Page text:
|More than eight out of ten Ethiopians depend on agriculture as their main livelihood, but agricultural production is extremely vulnerable to climatic conditions. The increased incidence and severity of drought have caused major fluctuations in agricultural and economic growth.
Most of Ethiopia's national food requirement is met by domestic agricultural production. Almost 12 million smallholder farmers produce about 95 per cent of agriculture's share of GDP, yet most rural households live in high density, drought-prone and food-insecure districts of the highlands and survive on a daily per capita income of less than US$0.50.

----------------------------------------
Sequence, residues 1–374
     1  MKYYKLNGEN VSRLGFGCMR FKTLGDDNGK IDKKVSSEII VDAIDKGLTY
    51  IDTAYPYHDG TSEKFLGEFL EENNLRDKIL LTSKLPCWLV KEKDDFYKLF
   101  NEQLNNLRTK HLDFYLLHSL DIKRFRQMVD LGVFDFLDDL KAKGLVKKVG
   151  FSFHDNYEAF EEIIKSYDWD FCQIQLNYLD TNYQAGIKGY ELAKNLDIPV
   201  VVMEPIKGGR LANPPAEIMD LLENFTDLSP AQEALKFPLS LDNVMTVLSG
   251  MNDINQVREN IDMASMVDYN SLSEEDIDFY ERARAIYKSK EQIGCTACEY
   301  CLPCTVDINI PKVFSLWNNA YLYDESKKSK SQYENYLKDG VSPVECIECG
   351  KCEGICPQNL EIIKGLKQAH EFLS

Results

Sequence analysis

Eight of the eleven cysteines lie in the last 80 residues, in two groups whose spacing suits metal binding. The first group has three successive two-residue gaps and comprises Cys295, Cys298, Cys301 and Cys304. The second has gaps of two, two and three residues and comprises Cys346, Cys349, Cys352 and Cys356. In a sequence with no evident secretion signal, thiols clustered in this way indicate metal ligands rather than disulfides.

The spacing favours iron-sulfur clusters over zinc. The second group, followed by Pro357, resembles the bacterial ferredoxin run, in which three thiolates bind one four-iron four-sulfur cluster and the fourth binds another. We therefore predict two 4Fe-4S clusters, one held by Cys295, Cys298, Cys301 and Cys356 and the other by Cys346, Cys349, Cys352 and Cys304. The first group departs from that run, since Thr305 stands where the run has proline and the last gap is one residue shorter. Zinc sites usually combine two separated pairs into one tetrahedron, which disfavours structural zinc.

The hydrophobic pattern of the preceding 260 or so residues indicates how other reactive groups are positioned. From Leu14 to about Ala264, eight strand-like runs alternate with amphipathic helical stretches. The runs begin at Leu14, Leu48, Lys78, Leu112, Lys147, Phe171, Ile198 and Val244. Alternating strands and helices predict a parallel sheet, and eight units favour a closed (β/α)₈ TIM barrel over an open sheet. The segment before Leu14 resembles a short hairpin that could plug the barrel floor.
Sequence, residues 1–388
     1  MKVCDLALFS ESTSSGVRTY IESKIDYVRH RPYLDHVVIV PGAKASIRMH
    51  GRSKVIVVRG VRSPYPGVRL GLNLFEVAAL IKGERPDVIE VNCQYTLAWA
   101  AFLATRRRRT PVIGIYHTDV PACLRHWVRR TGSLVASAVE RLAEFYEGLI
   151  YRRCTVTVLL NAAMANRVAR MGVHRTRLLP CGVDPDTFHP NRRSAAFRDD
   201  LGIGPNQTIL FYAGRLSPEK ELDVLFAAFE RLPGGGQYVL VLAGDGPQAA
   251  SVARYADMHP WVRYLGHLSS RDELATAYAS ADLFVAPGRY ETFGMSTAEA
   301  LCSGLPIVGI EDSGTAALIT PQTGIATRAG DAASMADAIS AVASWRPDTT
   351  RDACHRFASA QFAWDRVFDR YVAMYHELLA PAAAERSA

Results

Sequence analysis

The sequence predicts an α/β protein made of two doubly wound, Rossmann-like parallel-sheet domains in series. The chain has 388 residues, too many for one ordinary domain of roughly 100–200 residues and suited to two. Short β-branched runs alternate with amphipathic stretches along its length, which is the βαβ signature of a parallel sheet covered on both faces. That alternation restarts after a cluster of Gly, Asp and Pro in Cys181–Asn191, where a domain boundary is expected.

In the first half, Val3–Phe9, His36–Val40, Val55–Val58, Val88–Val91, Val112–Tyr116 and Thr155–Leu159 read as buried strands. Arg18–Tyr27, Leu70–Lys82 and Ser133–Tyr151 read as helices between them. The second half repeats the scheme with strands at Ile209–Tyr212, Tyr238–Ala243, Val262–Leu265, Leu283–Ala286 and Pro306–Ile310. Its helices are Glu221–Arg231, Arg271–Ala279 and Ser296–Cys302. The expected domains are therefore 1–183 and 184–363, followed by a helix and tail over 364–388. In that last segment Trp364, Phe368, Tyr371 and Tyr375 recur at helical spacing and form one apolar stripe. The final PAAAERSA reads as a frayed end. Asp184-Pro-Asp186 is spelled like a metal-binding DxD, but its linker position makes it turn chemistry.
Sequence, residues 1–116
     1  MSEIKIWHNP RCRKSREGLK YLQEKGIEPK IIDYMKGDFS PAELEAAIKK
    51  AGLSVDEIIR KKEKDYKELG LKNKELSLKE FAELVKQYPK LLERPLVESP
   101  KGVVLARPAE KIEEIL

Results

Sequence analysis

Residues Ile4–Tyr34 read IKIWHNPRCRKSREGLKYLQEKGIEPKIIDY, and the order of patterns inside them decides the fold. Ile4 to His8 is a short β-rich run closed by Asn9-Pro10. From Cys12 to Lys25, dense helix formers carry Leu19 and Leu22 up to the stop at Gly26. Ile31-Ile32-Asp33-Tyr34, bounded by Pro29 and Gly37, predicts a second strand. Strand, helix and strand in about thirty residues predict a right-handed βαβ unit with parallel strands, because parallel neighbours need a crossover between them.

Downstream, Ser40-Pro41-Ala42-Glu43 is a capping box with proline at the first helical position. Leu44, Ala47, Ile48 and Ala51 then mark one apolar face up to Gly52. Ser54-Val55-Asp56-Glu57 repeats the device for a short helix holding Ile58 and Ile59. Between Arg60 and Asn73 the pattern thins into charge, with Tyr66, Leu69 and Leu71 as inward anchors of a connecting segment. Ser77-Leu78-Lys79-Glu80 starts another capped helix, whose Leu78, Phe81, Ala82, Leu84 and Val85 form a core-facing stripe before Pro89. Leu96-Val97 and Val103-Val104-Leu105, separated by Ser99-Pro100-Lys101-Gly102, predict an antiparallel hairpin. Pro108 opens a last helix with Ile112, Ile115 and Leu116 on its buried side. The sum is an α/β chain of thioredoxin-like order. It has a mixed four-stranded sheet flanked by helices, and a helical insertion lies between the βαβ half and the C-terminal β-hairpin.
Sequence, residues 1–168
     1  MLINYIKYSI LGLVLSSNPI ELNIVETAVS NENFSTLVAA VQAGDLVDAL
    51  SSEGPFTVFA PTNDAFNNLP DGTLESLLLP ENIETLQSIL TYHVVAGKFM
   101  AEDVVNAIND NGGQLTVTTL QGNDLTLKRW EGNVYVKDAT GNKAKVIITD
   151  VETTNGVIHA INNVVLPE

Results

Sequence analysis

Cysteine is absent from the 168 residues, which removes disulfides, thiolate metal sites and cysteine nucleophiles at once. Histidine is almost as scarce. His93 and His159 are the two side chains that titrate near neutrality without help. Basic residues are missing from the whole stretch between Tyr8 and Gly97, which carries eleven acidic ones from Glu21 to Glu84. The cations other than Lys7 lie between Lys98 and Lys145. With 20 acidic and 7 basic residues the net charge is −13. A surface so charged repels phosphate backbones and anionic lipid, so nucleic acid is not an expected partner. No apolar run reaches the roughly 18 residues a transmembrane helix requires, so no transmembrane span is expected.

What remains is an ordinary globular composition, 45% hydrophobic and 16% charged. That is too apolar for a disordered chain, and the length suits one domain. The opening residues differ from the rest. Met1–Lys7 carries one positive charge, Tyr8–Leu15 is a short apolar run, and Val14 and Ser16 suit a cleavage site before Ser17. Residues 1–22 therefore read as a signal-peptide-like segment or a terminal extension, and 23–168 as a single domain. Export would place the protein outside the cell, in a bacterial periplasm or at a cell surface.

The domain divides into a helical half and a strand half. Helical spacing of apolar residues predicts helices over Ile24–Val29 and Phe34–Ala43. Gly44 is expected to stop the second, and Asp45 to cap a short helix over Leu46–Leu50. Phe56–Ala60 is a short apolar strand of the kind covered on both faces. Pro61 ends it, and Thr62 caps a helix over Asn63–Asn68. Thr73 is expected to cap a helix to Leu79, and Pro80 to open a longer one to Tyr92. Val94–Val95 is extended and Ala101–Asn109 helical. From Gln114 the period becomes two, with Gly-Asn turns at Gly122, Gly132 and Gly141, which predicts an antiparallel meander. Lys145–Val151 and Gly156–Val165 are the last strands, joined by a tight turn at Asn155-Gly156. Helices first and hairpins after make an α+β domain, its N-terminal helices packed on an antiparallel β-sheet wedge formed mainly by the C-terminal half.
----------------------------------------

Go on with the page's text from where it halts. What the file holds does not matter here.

The persistently unreliable rainfall is a major factor in rural poverty. Although Ethiopia gets plenty of rain annually, it either comes too late or ahead of time, or stops short in mid-season. Crops seldom get the amount of water that is required at the right time.
Recurring droughts leave poor farming families without food, causing periodic famines. People lack coping mechanisms for facing drought-induced famines, and contingency planning is inadequate. The situation worsened recently because of sharp increases in the prices of food and fertilizers on world markets, which made it more difficult for poor households in Ethiopia, as elsewhere, to secure adequate food supplies.